Last edited by ashakarc : 12 December 2005 at 04:28 PM.
Old 12 December 2005   #55
This reminds me of an old joke my father told me once. An art student who submitted his assignment in a white blank sheet. The teacher asked him: What is this? The student reply was; Oh it is a painting of a cow eating grass. The teacher asked: Where is the grass? The student said, the cow ate it. Then the teacher asked: And where is this cow? The student replied, gone!
Old 12 December 2005   #56
I'd ask if I could taste it and say "If it tastes like an oak tree, I'll agree it's an oak tree, but if it still tastes like water..."
I'm sure he'd say no :/
Old 12 December 2005   #57
To Jlll:

In some respects yes, I believe the ability to define more realism is the general goal. I also believe that subject and technique should hold the most of the weight in defining an artist. If someone wants to be famous for making ideas, they should become a philosopher. Note*** when I mention subject, I am trying to signify that as something narrower than content in general.

For instance, something as simple as a box is subject. Whereas something like, the color blue or red, or the line A,B,C...or the splash A,b,c are content, but not subject. Certain "modern art" do include some basic subjects, unfortunately my problem with most cases of modern art is they do it without the technique of Ideal realism. They tend to make the objects purely 2d, without need for definition. "Content"(granted this definition stated), can be used to improve the quality of art through symbolism, BUT ONLY if subject and technique were first applied.

I am not saying that the art itself should be made because of morality of society, I agree that sometimes extreme conditions can just result in greater progress. However, along with other things, I do not like the general change of previous crafts to be perverted in great depth. Art is not philosophy.

By this I do not mean, create realism of only that which you can see. For instance, I believe sci-fi, fantasy, and other such concepts are in fact the next step in progress of Art in relation to realism. Certainly parts of the skill did digress, but the overall concept has progressed. The next step in the process would be defining more real designs for those figures, which blossoms even further unrealistic fantasies. It is then the job to make those unrealistic fantasies acquire the same realism as pieces undistinguishable from a photograph or reality.

If such concepts did not suit the person, than life-figures, self-portraits(or scuptures), landscapes, paintings or sculptures of some or many objects, etc. would be suitable to follow the "art is a craft" foundation.

In terms of fashion(if you consider that art; some do some don't); then the objective would be to define realism through what is popular at the time. This means clothing should be made with the attention of appeal, based on the understanding of what you know about your consumer. Small changes here and there would be Ideal to allow possible changes to occur, but nothing too drastic. It sounds sort of like economics, but if one were to compare the economy and fashion throughout history, they always seemed to fit well together.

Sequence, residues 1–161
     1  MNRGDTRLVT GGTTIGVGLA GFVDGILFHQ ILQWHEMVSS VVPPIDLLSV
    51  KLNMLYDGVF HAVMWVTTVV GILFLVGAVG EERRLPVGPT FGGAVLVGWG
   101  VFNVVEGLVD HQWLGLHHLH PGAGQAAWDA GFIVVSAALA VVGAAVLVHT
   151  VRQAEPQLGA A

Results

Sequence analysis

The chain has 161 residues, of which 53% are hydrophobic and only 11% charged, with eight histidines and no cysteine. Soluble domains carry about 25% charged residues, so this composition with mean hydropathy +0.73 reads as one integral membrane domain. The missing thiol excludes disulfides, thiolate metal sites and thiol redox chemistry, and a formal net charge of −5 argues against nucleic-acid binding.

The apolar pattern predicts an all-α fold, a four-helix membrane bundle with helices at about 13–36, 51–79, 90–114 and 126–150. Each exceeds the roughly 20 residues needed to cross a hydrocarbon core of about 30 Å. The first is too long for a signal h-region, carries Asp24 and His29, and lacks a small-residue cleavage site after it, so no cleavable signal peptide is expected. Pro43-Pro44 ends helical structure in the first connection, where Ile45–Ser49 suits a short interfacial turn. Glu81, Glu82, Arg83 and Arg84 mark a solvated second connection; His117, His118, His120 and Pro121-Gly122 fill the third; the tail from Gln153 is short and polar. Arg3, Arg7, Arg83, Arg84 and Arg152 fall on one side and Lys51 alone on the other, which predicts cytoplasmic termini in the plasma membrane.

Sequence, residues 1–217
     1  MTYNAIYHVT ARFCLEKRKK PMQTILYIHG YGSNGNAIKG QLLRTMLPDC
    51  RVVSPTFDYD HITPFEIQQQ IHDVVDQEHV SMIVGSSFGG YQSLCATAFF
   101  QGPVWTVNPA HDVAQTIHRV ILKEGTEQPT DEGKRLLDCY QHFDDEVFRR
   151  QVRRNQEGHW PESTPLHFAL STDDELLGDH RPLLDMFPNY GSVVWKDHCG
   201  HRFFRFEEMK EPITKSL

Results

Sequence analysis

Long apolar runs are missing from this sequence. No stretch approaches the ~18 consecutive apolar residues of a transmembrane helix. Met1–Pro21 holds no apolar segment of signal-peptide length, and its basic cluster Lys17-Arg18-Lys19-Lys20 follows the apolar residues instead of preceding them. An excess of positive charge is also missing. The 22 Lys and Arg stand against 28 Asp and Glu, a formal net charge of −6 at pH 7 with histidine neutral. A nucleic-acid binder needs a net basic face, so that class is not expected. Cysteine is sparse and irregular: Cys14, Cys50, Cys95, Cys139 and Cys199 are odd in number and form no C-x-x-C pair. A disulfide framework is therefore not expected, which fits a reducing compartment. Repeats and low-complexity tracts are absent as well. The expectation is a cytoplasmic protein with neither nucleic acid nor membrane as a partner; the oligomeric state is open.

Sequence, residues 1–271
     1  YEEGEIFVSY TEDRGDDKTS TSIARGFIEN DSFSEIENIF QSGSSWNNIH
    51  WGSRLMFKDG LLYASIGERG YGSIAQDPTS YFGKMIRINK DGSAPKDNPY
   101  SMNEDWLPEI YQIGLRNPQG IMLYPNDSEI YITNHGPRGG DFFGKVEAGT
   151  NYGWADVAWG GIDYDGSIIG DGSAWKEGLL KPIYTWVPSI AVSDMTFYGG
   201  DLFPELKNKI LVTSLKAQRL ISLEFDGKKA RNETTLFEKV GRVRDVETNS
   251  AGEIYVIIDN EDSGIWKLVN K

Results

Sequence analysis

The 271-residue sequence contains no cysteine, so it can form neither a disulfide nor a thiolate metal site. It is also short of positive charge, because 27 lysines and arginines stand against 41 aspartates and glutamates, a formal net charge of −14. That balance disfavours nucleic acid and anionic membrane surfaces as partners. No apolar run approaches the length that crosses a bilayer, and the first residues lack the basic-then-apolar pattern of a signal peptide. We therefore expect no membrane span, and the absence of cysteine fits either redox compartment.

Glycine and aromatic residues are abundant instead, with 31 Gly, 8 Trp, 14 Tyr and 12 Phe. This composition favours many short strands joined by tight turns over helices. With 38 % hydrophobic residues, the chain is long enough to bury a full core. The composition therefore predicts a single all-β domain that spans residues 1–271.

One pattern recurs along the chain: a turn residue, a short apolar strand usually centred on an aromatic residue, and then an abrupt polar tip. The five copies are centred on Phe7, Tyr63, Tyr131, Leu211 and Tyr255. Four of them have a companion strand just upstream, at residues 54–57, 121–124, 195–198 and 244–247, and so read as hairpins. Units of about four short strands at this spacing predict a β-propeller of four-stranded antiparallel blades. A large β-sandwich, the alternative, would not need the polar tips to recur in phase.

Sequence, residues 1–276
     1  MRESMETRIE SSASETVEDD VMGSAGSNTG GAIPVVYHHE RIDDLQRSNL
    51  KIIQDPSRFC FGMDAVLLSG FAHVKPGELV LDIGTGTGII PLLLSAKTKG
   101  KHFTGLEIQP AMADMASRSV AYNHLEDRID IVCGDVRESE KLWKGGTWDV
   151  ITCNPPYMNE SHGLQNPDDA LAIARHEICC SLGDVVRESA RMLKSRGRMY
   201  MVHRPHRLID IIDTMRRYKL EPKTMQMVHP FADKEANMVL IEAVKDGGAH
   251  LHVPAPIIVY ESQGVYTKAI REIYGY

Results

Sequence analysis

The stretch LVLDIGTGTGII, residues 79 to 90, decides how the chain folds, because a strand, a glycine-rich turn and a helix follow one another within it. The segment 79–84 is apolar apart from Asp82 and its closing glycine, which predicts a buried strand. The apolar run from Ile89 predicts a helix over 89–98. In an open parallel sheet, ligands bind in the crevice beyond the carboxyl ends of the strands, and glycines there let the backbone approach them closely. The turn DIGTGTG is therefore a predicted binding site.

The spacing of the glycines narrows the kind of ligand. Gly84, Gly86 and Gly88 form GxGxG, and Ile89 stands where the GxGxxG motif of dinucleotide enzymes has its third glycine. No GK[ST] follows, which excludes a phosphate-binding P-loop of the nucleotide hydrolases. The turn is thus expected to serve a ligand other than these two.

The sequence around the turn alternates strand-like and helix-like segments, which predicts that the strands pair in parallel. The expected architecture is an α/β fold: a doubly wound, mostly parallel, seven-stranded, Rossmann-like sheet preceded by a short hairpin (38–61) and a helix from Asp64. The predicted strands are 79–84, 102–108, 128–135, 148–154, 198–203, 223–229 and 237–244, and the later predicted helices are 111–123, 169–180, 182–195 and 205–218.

And as I stated before, Architecture is an exception. Im not really sure how the rules and regulations would be defined for architecture.


I hope this answers most of your questions. In order for me to explain the "art is a craft" foundation, with near perfect accuracy, I would need to explain in MUCH MUCH greater depth. I am trying my best to summarize the points in order that I do not confuse or put stress on any reading it.
One day, Bunnies will rule the world.

Last edited by Skirnir : 12 December 2005 at 10:25 PM.
Old 12 December 2005   #58
Now i've seen this before, I seem to remeber that it was a piss take. a piss take that was done by the same guy that did brass eye, and the world today.

it was either that or i was laughing at the pretentious idiot who was trying to screw Mr satchi (of advertising fame) out of a tidy sum.
Old 12 December 2005   #59
Too much of this sort of thing around these days. It's not funny anymore.
Old 12 December 2005   #60
Originally Posted by Skirnir: And as I stated before, Architecture is an exception. Im not really sure how the rules and regulations would be defined for architecture.

Could you please explain more on what rules and regulations for architecture?

Part of the notions that are engaged in a design process involve what is known as Tectonics. It's partly the art of construction, and partly the structure as an abstract paradigm. Space, form, and function are results of higher objectives.

Craft in architecture is indismissable. Yet, it's only part of a much complex set of variables. Some rules have to follow certain programming needs, while others are invented. That what makes it very dynamic and complex.

Mods: At this point I hoped CGTalk forum threads could branch out into subtopics, because it's a little bit off topic of the original post. [sigh]

Last edited by ashakarc : 12 December 2005 at 11:50 PM.